Commission supports rezoning request

MOUNT JACKSON — The Mount Jackson Planning Commission voted unanimously to recommend the Mount Jackson Town Council approve a rezoning request for 135 acres of land on Turkey Knob Road from agricultural to limited industrial Thursday evening.

The approved request, submitted by Robert Whitehurst, is part of a larger project to establish a 712-acre “mega site” for industrial development in the town. Whitehurst ultimately wants to have the town annex 576 acres into the town limits and rezone it to limited industrial.

Before the vote, the commission heard comments from the public. Gary Lantz, a county planning commissioner, said he believed those in favor of the request “were supporting this with their wallet” while “the opposition is coming from the heart.” He recommended the commission consider focusing on trying to bring smaller industries to the town rather than relying on one large industry.

Jordan Rinker, of Mount Jackson, said he had been coming to the meetings since he heard about the request and he asked the commission and the town council to “think long and hard” about the request before committing to anything. He also advocated keeping the area rural and agriculture focused.

Robert Whitehurst gave a short presentation on the request, answering questions from the public. He said his family has been in town for a long time and used to own the orchards that employed many people, but those “orchards are no longer here and aren’t coming back.”

He said the rezoning request for the property would allow the Virginia Department of Transportation and other state agencies to come and assess the impact of the larger project, so as to better inform the commission before making any decisions. He also said he was slowing down on moving forward with the annexation request.

“What we are asking for is the opportunity to see what is possible,” Whitehurst said. “We are asking for support to be able to get that process moving.”

Ray Burkholder, a planner with Balzer and Associates, a Verona-based civil engineering firm, also gave a presentation to the commission. He noted that rezoning the 135 acres will begin discussions about economic development and allow for Whitehurst to get a better idea as to what kind of companies would be interested in the property.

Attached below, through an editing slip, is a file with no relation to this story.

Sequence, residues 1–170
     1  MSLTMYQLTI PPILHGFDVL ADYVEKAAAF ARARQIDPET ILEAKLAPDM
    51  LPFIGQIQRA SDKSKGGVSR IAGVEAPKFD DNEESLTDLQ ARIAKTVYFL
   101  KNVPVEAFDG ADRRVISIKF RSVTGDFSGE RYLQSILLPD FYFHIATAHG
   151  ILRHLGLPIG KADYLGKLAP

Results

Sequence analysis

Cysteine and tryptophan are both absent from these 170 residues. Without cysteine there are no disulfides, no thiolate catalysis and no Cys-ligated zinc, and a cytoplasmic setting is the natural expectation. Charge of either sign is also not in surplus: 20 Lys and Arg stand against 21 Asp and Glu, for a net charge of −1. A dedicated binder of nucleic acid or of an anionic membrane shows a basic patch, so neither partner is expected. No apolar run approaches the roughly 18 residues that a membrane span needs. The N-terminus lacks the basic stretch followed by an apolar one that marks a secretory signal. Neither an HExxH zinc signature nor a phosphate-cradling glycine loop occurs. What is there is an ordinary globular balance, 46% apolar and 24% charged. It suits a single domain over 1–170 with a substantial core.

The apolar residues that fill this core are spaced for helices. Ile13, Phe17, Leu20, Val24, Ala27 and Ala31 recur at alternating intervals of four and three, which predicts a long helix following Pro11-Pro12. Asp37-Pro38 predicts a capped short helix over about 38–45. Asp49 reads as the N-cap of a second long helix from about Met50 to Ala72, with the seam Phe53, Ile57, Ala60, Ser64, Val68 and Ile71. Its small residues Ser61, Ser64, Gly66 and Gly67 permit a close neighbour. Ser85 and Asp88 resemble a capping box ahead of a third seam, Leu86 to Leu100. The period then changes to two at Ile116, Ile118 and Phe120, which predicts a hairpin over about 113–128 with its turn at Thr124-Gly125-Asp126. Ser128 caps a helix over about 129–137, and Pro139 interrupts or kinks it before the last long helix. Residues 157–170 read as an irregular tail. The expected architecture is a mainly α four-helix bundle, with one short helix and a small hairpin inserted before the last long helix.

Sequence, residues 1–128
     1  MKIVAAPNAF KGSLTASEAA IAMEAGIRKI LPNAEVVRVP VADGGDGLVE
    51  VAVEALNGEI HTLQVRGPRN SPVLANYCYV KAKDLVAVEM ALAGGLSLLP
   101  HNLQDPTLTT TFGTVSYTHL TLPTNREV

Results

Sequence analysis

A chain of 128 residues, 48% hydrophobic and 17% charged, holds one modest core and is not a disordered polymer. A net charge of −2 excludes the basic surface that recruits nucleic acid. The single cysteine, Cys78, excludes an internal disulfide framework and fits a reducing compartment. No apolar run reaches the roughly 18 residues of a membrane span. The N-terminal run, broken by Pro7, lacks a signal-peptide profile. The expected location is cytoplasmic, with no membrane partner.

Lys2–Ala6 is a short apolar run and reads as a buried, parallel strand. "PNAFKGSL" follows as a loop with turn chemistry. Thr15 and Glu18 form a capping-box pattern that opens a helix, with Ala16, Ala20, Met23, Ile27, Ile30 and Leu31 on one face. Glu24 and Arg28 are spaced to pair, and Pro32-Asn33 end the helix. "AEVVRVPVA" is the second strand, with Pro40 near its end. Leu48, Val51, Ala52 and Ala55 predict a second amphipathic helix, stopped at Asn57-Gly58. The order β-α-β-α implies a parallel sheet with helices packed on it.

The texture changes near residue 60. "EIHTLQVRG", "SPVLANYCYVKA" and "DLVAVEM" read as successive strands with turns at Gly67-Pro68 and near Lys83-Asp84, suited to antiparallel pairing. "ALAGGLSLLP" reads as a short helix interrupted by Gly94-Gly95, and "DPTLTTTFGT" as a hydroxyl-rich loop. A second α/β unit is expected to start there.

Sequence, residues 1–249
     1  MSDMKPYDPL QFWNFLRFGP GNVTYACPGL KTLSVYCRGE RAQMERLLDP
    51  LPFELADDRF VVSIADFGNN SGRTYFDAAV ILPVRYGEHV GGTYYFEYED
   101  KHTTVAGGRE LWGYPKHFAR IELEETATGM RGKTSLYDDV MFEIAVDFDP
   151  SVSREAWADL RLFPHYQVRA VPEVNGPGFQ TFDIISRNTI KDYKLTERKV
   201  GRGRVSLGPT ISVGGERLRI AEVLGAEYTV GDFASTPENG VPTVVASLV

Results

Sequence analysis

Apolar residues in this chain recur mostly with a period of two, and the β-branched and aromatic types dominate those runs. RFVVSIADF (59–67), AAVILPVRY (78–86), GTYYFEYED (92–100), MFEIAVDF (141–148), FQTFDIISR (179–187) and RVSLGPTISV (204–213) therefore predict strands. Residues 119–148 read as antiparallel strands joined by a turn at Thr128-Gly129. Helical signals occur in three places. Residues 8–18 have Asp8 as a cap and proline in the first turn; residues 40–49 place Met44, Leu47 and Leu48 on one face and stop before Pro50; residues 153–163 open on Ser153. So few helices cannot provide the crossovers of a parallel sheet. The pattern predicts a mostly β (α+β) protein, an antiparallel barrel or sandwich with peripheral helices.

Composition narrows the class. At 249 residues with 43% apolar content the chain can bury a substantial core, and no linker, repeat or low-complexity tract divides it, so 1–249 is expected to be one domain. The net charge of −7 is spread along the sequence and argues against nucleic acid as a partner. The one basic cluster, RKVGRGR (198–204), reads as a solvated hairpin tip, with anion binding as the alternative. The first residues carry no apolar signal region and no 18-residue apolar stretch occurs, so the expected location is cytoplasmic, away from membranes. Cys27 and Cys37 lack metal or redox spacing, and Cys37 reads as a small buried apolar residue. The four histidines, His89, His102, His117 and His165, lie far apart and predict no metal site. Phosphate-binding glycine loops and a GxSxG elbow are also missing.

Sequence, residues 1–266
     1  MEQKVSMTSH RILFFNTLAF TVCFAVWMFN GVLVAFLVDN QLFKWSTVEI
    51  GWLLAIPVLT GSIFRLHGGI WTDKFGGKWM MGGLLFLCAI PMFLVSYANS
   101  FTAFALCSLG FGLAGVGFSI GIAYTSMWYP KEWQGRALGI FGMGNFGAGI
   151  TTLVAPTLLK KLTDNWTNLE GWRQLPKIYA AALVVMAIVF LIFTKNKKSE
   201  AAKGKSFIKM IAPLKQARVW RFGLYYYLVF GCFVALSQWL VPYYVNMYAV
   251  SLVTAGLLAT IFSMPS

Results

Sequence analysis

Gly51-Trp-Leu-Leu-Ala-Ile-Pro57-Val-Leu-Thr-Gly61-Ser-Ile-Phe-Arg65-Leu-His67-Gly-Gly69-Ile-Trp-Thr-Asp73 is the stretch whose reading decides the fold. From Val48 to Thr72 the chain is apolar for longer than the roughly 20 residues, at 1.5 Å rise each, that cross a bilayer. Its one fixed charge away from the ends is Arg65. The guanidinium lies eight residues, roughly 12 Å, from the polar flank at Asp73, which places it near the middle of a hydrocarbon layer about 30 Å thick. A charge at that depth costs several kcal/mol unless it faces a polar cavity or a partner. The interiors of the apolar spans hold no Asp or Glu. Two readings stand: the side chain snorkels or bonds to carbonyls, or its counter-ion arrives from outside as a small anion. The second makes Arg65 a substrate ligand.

Burkholder said there has been two meetings with VDOT officials about traffic studies and once the land was rezoned, there would be numerous, ongoing studies into environmental, traffic and economic impact on the community for any industrial user.

He also said there would be a delay in annexation and if that were to go forward, there would be other proffers, in addition to the one offered by Whitehurst to cover all costs for traffic studies and repairs, to do with lighting and making sure an industrial user would develop an “aesthetically pleasing” facility. He said before an industrial user is found for the facility, VDOT could run scenarios on the traffic impact a facility would bring.

Following that presentation, Kevin Fauber, town manager, read a letter from VDOT officials that explained any traffic study would have to be larger than a standard study, due to the magnitude of the project.

Bonnie Good, commission chair, said she felt like Whitehurst was proceeding properly with the studies. She said there were many questions about what the larger project would entail and the commission would allow experts in the field to get those answers before making a decision on the larger parcel of land.

Mark Bowyer, a commissioner, asked how analyzing traffic scenarios would help the commission get a better understanding of the larger project. Burkholder said the scenarios would “provide a benchmark” for the commission to decide before granting the annexation and the rezoning of the larger parcel.

Whitehurst noted because the town has no “by right” privileges attached to land development for limited industrial, any industrial user would have to come before the commission and the town council for approval of a facility.

Ken Hackenbracht, a commissioner, said he was a leery of committing to a “chicken in the egg” situation, where in order to get an idea of what industrial users would be interested in the land, the commission would have to approve a partial rezoning.

Whitehurst said he was the only taking the risk, because he’ll have to pay higher taxes on the land and there will be a lot of interested parties who will not buy the land, due to the larger partial not being rezoned.

“But even though a lot of companies will walk away, at least we can have an idea of who is interested, if anybody is interested,” he said. “We can then come back to you with better information.”

Before holding the vote, Good asked Whitehurst if he would be content with the in town property being rezoned, but the property in the county remaining the same. Whitehurst said while that is not his intention, he could live with it. Good noted even if the full 712 acres does not come to fruition, at least 135 acres would added to the industrial park adjacent to the property.

Good abstained from the vote, due to the absence of commissioner Larry Hand from the meeting, in order to prevent a tie. The request will now go before the town council April 14, at 7:30 p.m. at town hall.

Contact staff writer Henry Culvyhouse at 540-465-5137 ext. 184, or hculvyhouse@nvdaily.com